DaGO-Fun - Database for GO-based Functional Annotation Analysis

Browsing Tools

Browsing Resources

Protein Resources

Protein Interactions

Annotation Analysis

DaGO-Fun General Description

DaGO-Fun is an integrated set of GO-based functional analysis tools for a given set of gene or protein identifiers from UniProt/SwissProt using Information Content (IC) based GO semantic similarity of these proteins/genes. Protein GO annotations are retrieved from the Gene Ontology Annotation (GOA) project and IC of GO terms are computed using the Gene Ontology (GO) Directed Acyclic Graph (DAG). This tool illustrates the usage and presents biological applications of different GO measures published in the context of high-throughput biology technologies.

1. GO Analysis Tools

The DaGO-Fun tool provides a comprehensive and customized set of Gene Ontology (GO) based annotation analysis tools that integrate the large amounts of biological knowledge that GO offers in describing genes or groups of genes through term semantic similarity measurements. These different tools are able to:

  • Measure Information Content based GO term and protein semantic similarity scores (IT-GOM).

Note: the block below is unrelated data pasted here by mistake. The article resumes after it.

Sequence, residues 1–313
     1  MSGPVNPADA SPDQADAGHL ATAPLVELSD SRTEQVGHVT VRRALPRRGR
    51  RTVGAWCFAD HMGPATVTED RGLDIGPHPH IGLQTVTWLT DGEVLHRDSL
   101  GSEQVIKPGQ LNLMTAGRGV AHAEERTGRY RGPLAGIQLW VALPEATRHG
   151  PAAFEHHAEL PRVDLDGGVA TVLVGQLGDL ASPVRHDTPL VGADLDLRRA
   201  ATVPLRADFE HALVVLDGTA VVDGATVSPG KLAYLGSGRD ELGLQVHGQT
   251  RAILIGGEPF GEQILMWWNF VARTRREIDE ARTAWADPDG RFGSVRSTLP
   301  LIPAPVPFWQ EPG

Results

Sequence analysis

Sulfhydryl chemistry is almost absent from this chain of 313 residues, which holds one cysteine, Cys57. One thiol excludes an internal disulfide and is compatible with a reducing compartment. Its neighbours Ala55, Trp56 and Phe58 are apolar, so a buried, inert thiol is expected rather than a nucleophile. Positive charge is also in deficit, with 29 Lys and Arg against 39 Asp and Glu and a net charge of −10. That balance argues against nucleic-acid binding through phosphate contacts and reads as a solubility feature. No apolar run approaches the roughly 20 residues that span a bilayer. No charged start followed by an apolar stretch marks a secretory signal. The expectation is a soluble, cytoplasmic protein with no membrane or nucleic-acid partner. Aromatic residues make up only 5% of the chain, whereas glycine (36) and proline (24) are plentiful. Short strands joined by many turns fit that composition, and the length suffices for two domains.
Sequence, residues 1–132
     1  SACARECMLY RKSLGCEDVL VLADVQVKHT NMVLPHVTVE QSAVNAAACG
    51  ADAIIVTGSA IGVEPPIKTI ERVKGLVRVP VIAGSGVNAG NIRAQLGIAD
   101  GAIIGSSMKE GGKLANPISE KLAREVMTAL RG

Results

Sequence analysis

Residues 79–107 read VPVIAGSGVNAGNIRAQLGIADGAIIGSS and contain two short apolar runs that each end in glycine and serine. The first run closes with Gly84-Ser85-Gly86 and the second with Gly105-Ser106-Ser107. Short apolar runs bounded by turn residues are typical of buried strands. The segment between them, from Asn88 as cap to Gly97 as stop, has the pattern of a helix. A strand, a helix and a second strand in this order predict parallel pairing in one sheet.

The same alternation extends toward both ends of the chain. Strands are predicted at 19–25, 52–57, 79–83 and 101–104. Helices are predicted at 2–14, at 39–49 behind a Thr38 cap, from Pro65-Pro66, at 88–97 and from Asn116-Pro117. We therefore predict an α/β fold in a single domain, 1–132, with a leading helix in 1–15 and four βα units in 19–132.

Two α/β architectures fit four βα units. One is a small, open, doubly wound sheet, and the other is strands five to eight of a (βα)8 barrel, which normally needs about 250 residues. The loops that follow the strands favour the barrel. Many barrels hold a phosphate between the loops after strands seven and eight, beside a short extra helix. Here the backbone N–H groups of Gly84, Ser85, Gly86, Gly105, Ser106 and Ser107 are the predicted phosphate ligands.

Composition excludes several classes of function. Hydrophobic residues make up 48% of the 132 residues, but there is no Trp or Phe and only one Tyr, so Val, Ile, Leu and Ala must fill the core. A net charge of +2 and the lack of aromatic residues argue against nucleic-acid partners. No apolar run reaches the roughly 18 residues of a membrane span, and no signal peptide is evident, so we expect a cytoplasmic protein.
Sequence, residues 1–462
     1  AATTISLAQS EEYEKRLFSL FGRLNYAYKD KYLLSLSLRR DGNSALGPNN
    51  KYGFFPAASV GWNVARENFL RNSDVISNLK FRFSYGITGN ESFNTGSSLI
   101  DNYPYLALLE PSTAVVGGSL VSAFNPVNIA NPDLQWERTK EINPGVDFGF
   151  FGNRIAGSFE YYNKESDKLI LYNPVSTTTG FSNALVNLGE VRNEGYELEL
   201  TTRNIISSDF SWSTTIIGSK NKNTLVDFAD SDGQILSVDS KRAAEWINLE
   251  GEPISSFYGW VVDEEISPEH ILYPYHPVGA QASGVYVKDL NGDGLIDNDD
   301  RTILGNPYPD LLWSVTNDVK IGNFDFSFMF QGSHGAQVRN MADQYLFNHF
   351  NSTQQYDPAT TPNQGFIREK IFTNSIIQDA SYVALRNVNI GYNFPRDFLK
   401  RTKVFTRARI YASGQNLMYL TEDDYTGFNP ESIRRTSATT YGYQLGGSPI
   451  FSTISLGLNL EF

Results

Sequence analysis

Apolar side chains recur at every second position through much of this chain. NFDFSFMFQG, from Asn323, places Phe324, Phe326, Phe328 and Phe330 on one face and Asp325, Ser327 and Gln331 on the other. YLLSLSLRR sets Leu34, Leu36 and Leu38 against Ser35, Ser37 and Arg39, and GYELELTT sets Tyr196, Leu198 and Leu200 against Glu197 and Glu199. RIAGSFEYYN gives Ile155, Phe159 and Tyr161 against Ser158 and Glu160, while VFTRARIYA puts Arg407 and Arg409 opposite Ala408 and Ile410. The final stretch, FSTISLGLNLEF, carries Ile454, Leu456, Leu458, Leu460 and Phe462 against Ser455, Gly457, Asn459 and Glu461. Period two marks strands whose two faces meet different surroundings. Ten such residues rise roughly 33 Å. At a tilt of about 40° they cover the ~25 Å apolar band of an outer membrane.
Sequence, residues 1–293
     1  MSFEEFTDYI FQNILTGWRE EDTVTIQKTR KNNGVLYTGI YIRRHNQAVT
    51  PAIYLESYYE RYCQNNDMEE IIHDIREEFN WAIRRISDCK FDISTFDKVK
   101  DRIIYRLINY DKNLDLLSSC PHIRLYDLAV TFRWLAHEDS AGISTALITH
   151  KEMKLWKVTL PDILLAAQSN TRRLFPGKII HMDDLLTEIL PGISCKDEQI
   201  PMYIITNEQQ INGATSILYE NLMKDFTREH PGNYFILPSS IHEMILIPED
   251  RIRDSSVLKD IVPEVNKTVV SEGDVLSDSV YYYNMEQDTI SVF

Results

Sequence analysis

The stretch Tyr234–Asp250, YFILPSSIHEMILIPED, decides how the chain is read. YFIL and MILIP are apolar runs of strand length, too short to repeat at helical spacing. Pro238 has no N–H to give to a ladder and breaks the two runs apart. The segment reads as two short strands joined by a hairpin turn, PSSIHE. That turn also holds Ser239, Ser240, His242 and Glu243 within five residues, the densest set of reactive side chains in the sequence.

• Identify enriched GO terms accounting for uncertainty in an annotation dataset (GOSS-FEAT).
  • Discover functionally related or similar genes/proteins based on their GO terms (GOSP-FCT).
  • Retrieve genes or proteins by their GO annotations for disease gene and target discovery (GOSP-FIT).

2. Protein Functional Networks and Prediction Tools


In an organism, a biological function is performed by a set of interacting genes or proteins, and mediated through protein-protein interactions. This tool integrates existing genomic sequences and functional data to generate weighted functional interaction networks for Mycobacterial pathogens and for the host for functional analyses at the systems level. Typically, these networks are built by quantitatively assessing the confidence level of protein pairwise interactions detected using diverse biological data sources, including data from:

  • Genomic context (conserved genomic neighborhood and gene fusion events, and phylogenetic distribution patterns)
  • Sequence (sequence similarity and domain data)
  • High-throughput data (microarray or co-expression analysis, text mining, knowledge from pathway databases, and known physical interactions).

Currently, the tool includes three species, namely Mycobaterium tuberculosis (MTB), Mycobacterium leprae and the host (human or Homo sapiens). These functional networks have been used to predict biological functions of uncharacterized proteins in the two mycobacteria to enhance our understanding of these organisms' behaviour, identifying targets within them and filtering these potential targets using Host-Pathogen functional interaction networks.